raisin-cinnamon bread


The things we do for love.

I got The Bread Baker’s Apprentice for Chanukah this year (yay!) and while I want to make pretty much everything in it, this one ended up being first. I’m not a huge fan of raisin-cinnamon bread, but a certain two-year-old of my acquaintance is and my not-so-secret plan to buy his lifelong affection through constant association of me and treats at this early stage requires this step.

How committed am I to this plot? This committed:


I’ve never had margarine in the house, let alone this stuff. I even passed up making sugar cookies for Christmas because that would have required buying shortening. And yet there I was, all for a miniscule amount that probably could have been replaced by butter with no great loss.

(Okay, I finally gave up and got shortening after having to turn down a request to make sugar cookies and coming across a few recipes that required it. But it sounds more dramatic the other way.)

rcb_raisins Part of my future cooking plans is to use my scale more often; I use it now, but mostly for items that can’t be measured any other convenient way – say, when I’m breaking off hunks of chocolate to use. I used it about half of the time with this recipe, which might explain how things turned out.

Anyway, there are a lot of raisins in this.


The dough going down for its nap.


On the other side.


Was not kidding about the raisins.


I was a little dubious about this being two full loaves; the recipe calls for half the flour of my usual two loaves of sandwich bread and for slightly smaller bread pans than these. Reinhart suggests a couple of alternate methods of cinnamon-sugar delivery and so I did one loaf in each style. Not that you can tell from this picture, but the loaf on the right has a light dusting of cinnamon-sugar rolled into it – less than half of the suggested amount, since I didn’t want to overdo it.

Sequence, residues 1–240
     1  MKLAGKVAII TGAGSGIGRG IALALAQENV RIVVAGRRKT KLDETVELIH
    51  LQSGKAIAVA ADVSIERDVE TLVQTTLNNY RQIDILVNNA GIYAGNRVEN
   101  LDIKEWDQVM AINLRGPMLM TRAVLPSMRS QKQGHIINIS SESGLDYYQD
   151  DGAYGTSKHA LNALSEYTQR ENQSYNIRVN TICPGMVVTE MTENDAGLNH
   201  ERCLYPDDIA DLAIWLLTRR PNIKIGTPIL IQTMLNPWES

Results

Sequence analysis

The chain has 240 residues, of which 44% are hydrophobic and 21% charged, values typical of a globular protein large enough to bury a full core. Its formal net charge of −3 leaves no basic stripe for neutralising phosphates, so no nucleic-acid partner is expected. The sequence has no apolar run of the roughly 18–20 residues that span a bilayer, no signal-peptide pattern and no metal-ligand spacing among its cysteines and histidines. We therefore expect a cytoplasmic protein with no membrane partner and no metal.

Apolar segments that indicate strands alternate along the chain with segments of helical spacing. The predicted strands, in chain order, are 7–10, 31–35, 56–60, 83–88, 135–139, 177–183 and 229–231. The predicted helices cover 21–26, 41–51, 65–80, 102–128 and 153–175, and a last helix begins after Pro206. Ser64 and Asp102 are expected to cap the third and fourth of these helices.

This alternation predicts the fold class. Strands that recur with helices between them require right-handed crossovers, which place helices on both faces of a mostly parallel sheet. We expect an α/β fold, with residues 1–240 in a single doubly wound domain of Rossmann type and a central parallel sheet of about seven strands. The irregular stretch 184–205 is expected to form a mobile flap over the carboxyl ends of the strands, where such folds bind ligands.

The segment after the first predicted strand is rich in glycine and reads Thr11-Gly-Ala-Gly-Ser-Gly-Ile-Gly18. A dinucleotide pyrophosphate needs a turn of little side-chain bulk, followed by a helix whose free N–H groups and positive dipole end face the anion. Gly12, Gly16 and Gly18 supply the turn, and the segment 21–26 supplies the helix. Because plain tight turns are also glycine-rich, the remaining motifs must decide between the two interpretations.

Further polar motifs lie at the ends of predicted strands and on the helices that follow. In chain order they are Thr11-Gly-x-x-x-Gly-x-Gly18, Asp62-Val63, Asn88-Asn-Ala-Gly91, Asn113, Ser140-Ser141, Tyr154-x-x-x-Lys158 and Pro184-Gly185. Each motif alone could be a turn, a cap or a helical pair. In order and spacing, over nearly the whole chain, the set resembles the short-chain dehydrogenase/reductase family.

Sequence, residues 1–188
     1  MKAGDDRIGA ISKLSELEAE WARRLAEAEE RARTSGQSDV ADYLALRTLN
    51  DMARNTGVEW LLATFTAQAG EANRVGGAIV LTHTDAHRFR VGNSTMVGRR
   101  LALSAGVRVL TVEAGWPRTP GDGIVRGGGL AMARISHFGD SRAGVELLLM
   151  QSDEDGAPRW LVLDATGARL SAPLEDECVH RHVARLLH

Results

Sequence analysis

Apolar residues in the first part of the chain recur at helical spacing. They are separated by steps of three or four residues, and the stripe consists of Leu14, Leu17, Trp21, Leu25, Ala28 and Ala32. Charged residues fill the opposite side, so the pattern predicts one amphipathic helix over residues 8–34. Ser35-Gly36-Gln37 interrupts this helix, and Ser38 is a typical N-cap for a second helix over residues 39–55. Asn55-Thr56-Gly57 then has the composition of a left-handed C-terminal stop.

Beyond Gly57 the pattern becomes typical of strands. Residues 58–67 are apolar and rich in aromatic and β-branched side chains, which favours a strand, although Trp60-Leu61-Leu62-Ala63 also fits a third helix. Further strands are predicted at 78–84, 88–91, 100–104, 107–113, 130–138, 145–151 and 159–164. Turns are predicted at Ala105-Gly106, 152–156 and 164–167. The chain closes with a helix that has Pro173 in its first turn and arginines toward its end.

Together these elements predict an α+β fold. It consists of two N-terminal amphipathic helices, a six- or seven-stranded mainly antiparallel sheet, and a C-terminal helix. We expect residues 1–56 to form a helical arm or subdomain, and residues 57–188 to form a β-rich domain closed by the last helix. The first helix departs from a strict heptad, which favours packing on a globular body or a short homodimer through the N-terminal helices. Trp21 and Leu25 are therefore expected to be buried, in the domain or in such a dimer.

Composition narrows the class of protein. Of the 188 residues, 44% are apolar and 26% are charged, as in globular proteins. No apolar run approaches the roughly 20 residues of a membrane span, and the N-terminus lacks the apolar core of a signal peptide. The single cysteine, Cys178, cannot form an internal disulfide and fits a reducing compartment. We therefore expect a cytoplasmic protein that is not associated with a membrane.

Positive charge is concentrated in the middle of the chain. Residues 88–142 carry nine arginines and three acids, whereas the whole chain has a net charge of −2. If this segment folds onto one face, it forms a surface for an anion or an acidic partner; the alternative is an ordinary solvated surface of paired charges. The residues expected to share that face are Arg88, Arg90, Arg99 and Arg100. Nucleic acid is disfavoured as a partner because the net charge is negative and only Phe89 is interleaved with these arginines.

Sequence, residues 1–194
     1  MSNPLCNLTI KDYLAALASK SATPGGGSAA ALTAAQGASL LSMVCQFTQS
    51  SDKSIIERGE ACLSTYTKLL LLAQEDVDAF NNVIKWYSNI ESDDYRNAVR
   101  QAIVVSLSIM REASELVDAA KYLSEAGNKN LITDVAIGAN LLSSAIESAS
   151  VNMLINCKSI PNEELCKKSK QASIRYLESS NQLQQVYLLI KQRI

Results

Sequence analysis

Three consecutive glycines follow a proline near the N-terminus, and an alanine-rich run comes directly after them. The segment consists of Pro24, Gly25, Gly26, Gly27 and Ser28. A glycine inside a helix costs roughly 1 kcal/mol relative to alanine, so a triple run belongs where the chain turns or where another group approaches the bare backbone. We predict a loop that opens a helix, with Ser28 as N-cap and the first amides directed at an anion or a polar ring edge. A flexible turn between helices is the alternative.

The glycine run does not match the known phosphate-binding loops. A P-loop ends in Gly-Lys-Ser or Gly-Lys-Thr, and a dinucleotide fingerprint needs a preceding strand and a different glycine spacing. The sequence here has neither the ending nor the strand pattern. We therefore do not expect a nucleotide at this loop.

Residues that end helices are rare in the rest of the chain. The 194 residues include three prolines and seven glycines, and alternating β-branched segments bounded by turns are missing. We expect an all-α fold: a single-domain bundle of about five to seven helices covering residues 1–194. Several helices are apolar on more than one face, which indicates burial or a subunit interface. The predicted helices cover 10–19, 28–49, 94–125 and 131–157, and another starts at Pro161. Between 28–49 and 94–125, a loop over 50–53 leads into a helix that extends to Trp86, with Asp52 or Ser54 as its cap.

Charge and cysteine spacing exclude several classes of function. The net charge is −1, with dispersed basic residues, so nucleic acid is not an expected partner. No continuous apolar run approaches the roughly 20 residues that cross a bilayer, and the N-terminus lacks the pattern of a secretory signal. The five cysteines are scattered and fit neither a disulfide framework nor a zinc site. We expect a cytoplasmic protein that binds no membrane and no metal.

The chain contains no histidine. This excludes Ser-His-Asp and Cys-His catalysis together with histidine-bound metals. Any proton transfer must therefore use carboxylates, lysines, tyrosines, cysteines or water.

I ended up putting them in the oven after the recommended time for the second rise, but not at a height I was really happy about, difference in pan size aside. I hoped for some decent oven spring, but mostly I knew it was getting late in the evening and I didn’t want to be up all night with these.


There wasn’t much of any oven spring, but they came out respectably for a first attempt anyway. The swirled one is on the left and the one on the right got a dusting of cinnamon-sugar on top of melted butter right out of the oven. Like this:


I think the interior swirl works better from both a taste and handling perspective. Especially since I freeze half-loaves.

All in all, much better than any commercial offering and I have a decent sense of what I can maybe do next time, short of getting smaller bread pans. I feel confident offering up my next batch to my favorite toddler.


3 thoughts on “raisin-cinnamon bread

  1. Mmm, the bread looks great. I’m not always a big fan of raisins, but cinnamon makes everything good, the loaves in the pan right before baking look really pretty.

  2. It has been my experience that nearly all recipes are better with butter, even if the original called for some other shortening. Margarine and other butter substitutes are rather recent inventions, many uses dating from the depression when cost was the major determinant.

  3. @SD — The smell was pretty amazing, even before baking (which never happens). I think I would have been happier if it had been apple-cinnamon, but maybe that’ll be an experiment for the next time.

    @hbudd — I wanted to put a good-faith effort into following the instructions as written, at least the once. Next time, butter and starting it early enough in the day to get a good second rise.

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